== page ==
… he will bring a complicated pro-style offense to Tennessee that the players will struggle to learn.  He hangs his hat on his work with the 2005 USC offense, but that offense was built by Norm Chow and comprised of players who were already developed.   A close look at that season reveals a lot of unnecessary struggles and some questionable calls, including the decision to keep Reggie Bush on the bench for the crucial 4th and 2 against Texas.  And ultimately, that team could not win a title despite having maybe the greatest offensive talent ever.  The 2006 USC offense was inconsistent and anemic despite being loaded with talent.

I thought I’d take a look at some the numbers the Southern Cal offense generated from 2004 (the last year that Chow was the offensive coordinator) through 2006 (the two years that Kiffin ran the offense) to see if any patterns emerged that might shed some light on Kiffin’s ability.  I looked at points per game, total yardage and yards per play, the numbers as well as the national ranking for each, and here’s what I came up with.

Year PPG Ntl. Rank Tot. Yards Ntl. Rank YPP Ntl. Rank
2004 38.2 6 5838 9 6.3 6
2005 49.1 2 7537 1 7.5 1
2006 30.5 18 5094 24 5.9 26

Those 2005 numbers are pretty hellacious, aren’t they?  But that drop off in 2006 is noticeable, as well.  My feeling is that’s what happens when your starting backfield, including two Heisman Trophy winners, depart.  (I’ve seen some mention of the fact that a large part of the blame for the decline in ’06 was due to the injuries that were racked up at the fullback position, but in light of Chris’ comments about the reliance on a lot of one back sets in Kiffin’s formations, I tend to discount that a good bit.)  Nobody looks as smart when the talent level drops.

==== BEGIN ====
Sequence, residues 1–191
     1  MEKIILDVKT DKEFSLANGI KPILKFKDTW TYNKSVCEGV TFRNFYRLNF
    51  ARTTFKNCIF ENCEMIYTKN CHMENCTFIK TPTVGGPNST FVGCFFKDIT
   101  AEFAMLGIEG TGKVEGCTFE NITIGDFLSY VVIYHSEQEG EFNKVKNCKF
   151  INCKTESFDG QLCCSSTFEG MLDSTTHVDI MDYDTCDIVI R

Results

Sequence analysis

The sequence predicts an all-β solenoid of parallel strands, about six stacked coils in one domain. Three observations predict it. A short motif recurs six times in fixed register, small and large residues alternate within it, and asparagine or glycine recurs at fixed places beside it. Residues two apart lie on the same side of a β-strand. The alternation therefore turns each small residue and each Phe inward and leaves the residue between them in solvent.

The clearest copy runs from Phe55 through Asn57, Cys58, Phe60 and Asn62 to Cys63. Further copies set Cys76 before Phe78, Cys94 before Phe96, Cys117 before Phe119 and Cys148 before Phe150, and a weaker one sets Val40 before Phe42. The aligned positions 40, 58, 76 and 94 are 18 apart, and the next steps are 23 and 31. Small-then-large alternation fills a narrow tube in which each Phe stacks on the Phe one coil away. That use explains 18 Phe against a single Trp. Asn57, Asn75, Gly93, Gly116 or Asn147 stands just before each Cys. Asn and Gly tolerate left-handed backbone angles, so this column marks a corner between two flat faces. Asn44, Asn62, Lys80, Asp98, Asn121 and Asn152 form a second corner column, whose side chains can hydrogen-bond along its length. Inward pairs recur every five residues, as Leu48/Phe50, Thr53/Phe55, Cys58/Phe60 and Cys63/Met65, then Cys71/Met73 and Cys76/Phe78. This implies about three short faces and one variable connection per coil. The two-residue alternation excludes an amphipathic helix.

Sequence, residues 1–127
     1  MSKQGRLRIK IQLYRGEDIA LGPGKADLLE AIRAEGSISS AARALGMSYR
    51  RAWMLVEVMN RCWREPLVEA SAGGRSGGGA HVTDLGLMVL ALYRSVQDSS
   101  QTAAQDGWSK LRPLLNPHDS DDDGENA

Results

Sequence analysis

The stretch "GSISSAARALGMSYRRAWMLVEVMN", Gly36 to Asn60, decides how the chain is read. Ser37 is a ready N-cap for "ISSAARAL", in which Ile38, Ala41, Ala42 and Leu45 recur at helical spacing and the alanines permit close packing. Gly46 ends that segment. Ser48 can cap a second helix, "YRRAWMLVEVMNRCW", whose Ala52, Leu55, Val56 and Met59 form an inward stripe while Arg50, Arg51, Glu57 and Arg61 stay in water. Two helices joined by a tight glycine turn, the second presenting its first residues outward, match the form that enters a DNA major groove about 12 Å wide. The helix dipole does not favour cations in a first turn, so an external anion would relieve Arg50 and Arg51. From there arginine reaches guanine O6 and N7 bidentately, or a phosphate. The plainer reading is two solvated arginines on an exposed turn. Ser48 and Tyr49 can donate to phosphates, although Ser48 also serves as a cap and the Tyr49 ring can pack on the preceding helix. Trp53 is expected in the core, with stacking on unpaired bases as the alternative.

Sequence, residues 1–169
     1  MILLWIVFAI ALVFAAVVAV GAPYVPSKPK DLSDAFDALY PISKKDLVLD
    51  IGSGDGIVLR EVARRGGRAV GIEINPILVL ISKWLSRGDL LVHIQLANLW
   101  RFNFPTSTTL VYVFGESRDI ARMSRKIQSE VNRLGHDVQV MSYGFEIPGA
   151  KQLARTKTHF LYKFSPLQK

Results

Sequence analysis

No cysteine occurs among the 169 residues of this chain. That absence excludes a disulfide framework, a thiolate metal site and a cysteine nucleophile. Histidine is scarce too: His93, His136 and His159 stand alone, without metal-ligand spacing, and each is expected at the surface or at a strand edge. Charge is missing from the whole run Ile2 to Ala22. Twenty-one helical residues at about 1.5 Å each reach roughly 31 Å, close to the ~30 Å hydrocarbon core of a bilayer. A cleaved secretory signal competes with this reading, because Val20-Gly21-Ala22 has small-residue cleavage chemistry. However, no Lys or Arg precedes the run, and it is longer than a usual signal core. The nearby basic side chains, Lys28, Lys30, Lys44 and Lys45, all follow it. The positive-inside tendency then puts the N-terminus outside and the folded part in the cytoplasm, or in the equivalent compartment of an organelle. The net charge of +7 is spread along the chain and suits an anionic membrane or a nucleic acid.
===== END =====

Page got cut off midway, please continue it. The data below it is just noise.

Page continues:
It’s probably not fair, but HP’s comment about the disjointed nature of the playcalling in the MNC game against Texas brings to mind an unfortunate comparison to the surgical precision Chow brought to the title game the year before – with that same backfield that ran up those great numbers under Kiffin.

All of which indicates to me that his is a system that’s talent-dependent.  Not that there’s anything wrong with that.  Kiffin’s certainly brought in the horses to go out and get skilled players.  But Knoxville this year ain’t the Los Angeles of 2005; the Vols are woefully short at quarterback, offensive line and wide receiver at present.  Nor is that the kind of thing that gets fixed rapidly, as Tennessee fans will find out next year when it looks likely that Kiffin will be starting a true freshman at quarterback.

So you’d think that down the road if the recruiting is as special as it’s costing, there’ll be an uptick.  There are two things to keep in mind, though:   how patient are they in Knoxville and how much more formidable are SEC defenses than those in the Pac-10?

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Filed under Don't Mess With Lane Kiffin, Strategery And Mechanics, The Blogosphere

Read all about it.

This looks like a fun read.

“Behind the Hedges: Big Money and Power Politics at the University of Georgia,” written by the late Rich Whitt, a former Atlanta Journal-Constitution reporter and Pulitzer Prize winner, examines the internal power struggle between Adams and athletics director Vince Dooley and how the controversy resulted in the split between the Board of Regents and the UGA Foundation. By all accounts, Adams is made out to be the bad guy.

If you want a little taste of what the book covers, here’s a link to the table of contents, per Amazon.  Chapter 5 ought to be a hoot and a half, all by itself.  And check out the blurbs on the back cover – none too flattering (about the school, not the book).

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UPDATE: Hoo, boy. (h/t David Hale)